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The Effects of ADHD

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Introduction

´╗┐THE EFFECT OF ADHD According to barkley 1981, hyperactivity is the developmental disorder of age appropriate attention span, restlessness and rule governed behaviour that develops in late infancy or early childhood before 6 years of age. It is pervasive in nature and is not accounted by neological, sensory, motor impairment and severe emotional disturbances. According to himshaw 1995, children with adhd have difficulties getting along with peers. Whalen 1985 emphasised that they know socially correct actions hypothetically but not in real life situations. According to barkley 1990, 15-30% have learning difficulties with maths, reading and spelling. The DSM IV lists three subtypes of adhd. Predominantly inattentive type, predominantly hyperactive-impulsive type and the combined type; which the majority of children have. According to anna Richards 2003, those with the inattentive type also known as add tend to do a great deal of day dreaming. Add doesn?t include hyperactivity therefore, these children go unnoticed. ...read more.

Middle

Bradley 1938 suggested there are improvements with amphetamines but medication is not always effective. Psychotherapy/counselling is used to teach the child new skills, it also helps to decrease impulsivity and aggressive behaviour. Play therapy is sometimes used in young infants to measure impulsivity and also help improve the child’s social skills. Behaviour modification is by far the most effective treatment of adhd especially for the combined type as it targets desired behaviour to change. Parents are also advised in how to keep the home safe, and taught ways to respond to child’s behaviour, parenting classes. In schools, educational interventional programmes are designed to help child concentrate, teacher training, individual/group classes. With age the hyperactivity but the attention problems persists into adolescence and adulthood. By adulthood 1/3 to ½ are normal. According to Gadow 2001, add in adults are recognised and may develop other psychiatric disorders. Attachment According to the attachment cycle, the baby has needs both physical and psychological (fear or sense of separation). ...read more.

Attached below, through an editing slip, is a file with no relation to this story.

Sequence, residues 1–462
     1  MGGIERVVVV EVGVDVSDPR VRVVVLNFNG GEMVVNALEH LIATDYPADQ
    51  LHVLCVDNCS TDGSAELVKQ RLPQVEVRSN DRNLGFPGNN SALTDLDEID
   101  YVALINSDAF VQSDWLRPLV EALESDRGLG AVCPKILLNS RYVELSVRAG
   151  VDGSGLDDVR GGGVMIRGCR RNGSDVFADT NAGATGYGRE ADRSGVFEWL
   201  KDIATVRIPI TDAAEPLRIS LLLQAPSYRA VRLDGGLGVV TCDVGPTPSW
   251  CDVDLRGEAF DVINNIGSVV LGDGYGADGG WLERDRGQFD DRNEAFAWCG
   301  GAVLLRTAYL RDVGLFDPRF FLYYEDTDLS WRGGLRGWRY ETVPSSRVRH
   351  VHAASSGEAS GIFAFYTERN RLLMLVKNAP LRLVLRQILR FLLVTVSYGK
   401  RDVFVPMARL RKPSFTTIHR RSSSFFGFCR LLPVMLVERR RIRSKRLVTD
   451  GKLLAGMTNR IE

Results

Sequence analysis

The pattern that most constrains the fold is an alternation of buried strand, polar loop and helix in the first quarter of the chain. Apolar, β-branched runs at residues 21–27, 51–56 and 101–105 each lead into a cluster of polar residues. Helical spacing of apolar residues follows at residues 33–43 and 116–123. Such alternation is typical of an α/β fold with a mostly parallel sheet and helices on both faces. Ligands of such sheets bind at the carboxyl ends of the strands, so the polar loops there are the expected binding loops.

Conclusion

Emotional regulation begins during attunement via a pricess called affect mirroring. Briefly before other responses, the attuned adult reflects the emotions of the child with facial expressions and tone of voice, then responds appropriately. This process continue from co-regulation through verbal labelling and overt soothing strategies. A frightened baby will be hugged, verbal explanations. During socialisation, the carer have to educate or manage boundaries. I.e. if the child wants something he cant have, when the adult says no, this experienced as a scary breakdown in the relationship and the child is shamed. A competent adult will quickly sooth the child and fix the relationship reinforcing lesson learnt. During high arousal, the limbic system dominates the consciousness and the cortex shuts down. The cortex must be functioning before lesson can be learnt therefore by the child been soothed, emotional arousal is contained therefore regulation process can be learned. Sensitive attunement creates a pathway between cortex and the limbic system which us responsible for self regulation of effect. This pathway appears to less well developed in people who were severely abused or neglected before the age of 2-3. ...read more.

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